Leaving your dog home alone for the first time
A friend of mine recently adopted his first dog. He asked me a few questions about what to expect, and one of those questions was what should he do to make his dog comfortable when left home alone?
I thought this was a good question to bring up on the blog because this is often a stressful time for the new dog and the new owner. I thought some of you might have some good advice.
It’s not just new dog owners that face this dilemma. I know every time I have a new foster dog, I worry about leaving that dog alone for the first time.
Here are my tips for leaving a dog home alone for the first time
1. Lots of exercise beforehand.
Whenever anyone adopts a new dog, I recommend a long walk at least once a day, every day. Assuming the dog and owner are healthy and capable, this walk should be at least 45 minutes and preferably more than an hour.
Walking is a bonding ritual. It is something most dogs enjoy, and it helps them get comfortable with the new owner and a new routine. It also helps the dog get rid of any pent-up physical, mental and emotional energy. The calmer you can get your new dog, the better.
“The calmer you can get your new dog, the better.”
2. Take a day or two off from work.
Most people know ahead of time if they will be adopting a dog. If at all possibly, I recommend you adopt the dog when you can take at least two days off from work. That will give you some time to help the dog adjust to your routine before you have to leave for eight hours. If you can take a week off, even better.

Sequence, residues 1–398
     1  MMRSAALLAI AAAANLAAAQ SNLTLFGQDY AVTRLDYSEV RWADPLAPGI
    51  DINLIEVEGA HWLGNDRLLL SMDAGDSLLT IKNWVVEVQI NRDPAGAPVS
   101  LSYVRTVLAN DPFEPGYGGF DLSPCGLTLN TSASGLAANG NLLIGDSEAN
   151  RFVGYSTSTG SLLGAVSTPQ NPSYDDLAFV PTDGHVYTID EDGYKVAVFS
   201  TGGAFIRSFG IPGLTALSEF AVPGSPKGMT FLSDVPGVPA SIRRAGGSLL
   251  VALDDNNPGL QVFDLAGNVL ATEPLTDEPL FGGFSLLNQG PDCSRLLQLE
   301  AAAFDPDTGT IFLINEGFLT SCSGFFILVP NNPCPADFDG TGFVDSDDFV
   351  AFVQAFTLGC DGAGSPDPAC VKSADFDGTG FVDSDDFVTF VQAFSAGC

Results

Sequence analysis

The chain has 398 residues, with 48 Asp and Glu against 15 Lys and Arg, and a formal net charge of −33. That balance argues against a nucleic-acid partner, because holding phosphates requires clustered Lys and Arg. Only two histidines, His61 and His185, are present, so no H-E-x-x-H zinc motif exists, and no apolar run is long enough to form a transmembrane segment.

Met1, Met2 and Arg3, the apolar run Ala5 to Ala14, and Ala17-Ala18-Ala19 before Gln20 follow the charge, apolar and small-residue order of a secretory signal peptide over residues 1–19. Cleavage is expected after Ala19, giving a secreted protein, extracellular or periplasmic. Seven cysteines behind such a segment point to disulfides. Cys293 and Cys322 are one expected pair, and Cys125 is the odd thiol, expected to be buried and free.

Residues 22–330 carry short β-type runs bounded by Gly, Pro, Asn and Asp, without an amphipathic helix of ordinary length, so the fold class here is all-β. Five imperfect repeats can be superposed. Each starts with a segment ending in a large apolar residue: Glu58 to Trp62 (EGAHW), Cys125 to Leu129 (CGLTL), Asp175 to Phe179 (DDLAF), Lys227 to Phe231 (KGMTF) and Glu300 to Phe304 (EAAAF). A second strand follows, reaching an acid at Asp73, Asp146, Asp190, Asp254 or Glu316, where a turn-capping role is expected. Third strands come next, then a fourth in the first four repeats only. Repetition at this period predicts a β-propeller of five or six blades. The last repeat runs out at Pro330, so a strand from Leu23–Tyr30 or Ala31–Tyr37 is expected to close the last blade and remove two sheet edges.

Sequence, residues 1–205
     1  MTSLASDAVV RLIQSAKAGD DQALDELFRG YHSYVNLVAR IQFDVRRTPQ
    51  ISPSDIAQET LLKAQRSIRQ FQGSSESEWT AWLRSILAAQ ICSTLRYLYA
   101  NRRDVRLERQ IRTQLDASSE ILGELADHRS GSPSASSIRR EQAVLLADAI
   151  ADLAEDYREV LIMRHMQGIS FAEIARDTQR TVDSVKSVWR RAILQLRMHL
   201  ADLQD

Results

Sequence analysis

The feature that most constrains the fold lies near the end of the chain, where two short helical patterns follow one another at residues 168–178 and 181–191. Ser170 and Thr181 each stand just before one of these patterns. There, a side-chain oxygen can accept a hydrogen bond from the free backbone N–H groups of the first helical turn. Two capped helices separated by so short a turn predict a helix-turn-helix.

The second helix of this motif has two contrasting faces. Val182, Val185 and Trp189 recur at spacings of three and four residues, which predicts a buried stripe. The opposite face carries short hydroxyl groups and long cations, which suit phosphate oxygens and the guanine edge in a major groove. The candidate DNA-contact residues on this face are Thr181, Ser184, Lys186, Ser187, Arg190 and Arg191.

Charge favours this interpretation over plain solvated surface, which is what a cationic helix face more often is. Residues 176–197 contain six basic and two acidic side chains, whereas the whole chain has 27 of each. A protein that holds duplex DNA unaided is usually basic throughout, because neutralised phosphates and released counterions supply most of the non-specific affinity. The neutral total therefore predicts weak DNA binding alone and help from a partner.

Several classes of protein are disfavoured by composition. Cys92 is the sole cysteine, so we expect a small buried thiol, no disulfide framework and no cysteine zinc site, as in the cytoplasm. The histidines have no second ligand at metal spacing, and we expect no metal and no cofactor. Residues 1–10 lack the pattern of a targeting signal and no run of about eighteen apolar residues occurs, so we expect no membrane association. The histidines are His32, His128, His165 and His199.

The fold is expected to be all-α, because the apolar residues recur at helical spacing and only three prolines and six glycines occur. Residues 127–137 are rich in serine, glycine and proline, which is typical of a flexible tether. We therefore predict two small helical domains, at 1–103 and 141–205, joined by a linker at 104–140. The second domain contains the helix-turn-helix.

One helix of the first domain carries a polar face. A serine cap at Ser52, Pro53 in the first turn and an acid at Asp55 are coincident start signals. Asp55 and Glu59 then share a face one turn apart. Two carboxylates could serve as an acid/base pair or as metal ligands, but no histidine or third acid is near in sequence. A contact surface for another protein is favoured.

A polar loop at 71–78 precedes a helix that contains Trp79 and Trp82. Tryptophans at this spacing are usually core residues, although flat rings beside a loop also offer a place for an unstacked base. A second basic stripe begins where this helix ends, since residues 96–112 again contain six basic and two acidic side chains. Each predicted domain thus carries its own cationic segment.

During your days off from work, you should start leaving your dog home alone for short periods so he starts to get used to being alone in the new environment.
3. Begin leaving the dog alone for short periods.
It’s not a good idea to just leave the dog for eight hours right off the bat. Start with just five minutes while you step outside to get the mail. Then try 10 minutes later that day. Then 20. And so on. Work up to 45 minutes. Then an hour.
4. Use a kennel or block off a small area of the house.
I prefer to leave most dogs in a kennel (also called a crate). A kennel keeps the dog safe, and it also keeps my property safe. I do not feel one bit sorry about leaving a dog in a kennel, not even if it’s for hours at a time.
If leaving your dog in a kennel is not an option for whatever reason, I would recommend you leave the dog in a small area of the house. Maybe a bedroom with the door shut or a baby gate in the doorway. Maybe a bathroom or a kitchen area.
With time, you can always give the dog more freedom.
5. Use puzzle-type toys such as Kongs.
Most new dog owners have been told about how helpful Kong-type toys can be, but here are some tips to make the Kong more interesting to the dog:
- Cut back on the dog’s meals (or feed the meals in the Kong) so the dog will be more interested in it.
- Use something really smelly and tempting to stuff the Kong such as cooked hamburger, canned dog food or peanut butter.
- Freeze the Kong over night so the dog has to work harder to get the food out
- Leave two or three Kongs to keep the dog entertained longer. Make one with food that’s really easy to get out and make the other two more difficult but with more tempting goodies (hot dogs, pieces of chicken, etc., with frozen peanut butter)
- Stay calm yourself. If you are anxious, your dog will also feel anxious.
- Don’t feel sorry for the dog. This dog is lucky to have a safe, warm place to stay.
- Leave music or TV on for some background noise.
- Stick to a routine. Leave the dog in the same place every time.
- Don’t say “goodbye, Buddy!” Instead, ignore your dog and just leave.
- Don’t expect perfection. There’s always an adjustment period that could take a few weeks. Don’t assume your dog has separation anxiety if he cries or whines. He may just be testing you or he may just be a little anxious in the new place. Ignore the whining and he’ll most likely adjust.
How about the rest of you?
What are some tips that worked for your dog?